Unless you and your relatives are avowed minimalists or possession-shunning Buddhist monks, there may come a time when you’ll have to get rid of a whole household of goods. It might be that your elderly aunt is downsizing; it could be you decide to ditch the house and yard and move to Paris. Or a death in the family might mean you have to both execute someone’s wishes and get rid of their stuff.
That’s where estate sales come in. Despite their fancy names, these aren’t grand events that happen only at the homes of royals or the richy-rich. Most take place at the house, cottage, or condo down the block.
At most events, over two or three days an estate-sale company (or, occasionally, a family member) presides over a jumbo tag sale or online auction with a goal of offloading the entire contents of the property. Furniture, art, dishes, clothing, and even unused rolls of toilet paper are all game. The idea? Usually it’s to liquidate belongings so that the family can settle the estate and get the property ready for resale. Sometimes it’s to get rid of stuff after the homeowners have downsized. Either way, the point is to quickly jettison a lot of stuff—and to make a bit of money.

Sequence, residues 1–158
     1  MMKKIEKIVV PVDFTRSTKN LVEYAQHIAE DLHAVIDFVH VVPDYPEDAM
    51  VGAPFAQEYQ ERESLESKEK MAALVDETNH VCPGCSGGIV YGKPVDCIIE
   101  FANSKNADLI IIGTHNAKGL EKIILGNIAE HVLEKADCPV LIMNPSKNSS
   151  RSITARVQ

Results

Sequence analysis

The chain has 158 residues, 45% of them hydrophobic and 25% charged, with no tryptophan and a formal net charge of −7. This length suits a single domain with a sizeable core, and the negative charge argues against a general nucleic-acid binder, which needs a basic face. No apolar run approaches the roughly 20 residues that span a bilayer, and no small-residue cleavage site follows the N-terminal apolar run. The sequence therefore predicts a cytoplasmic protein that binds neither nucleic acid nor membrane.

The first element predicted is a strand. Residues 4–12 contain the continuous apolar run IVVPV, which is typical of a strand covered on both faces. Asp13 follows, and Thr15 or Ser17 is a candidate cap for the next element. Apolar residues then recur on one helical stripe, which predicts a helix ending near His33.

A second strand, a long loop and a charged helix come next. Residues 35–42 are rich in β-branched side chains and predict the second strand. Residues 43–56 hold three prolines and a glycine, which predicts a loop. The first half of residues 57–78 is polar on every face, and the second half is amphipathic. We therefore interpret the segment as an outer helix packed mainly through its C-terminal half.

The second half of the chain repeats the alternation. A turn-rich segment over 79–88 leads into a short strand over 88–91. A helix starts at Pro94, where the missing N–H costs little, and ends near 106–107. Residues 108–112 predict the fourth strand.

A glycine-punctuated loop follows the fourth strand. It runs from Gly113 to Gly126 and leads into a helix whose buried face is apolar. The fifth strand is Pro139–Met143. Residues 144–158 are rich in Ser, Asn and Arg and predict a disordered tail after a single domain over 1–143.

Most estate-sale companies come in before the event to tag and price items, though a few operate on a “make-me-an-offer” basis. No matter the approach, almost all liquidators take a big cut of each item’s selling price. That cut typically ranges from 30 to 50 percent, depending on the company, with most hovering around 40 percent.
Though no certification exists for estate liquidators, the industry has two membership organizations, the American Society of Estate Liquidators and the National Estate Sales Association. Searching their databases and asking local eldercare or estate business for recommendations can lead you to trustworthy pros, plus we’ve got a list of questions to ask anyone you’re considering hiring.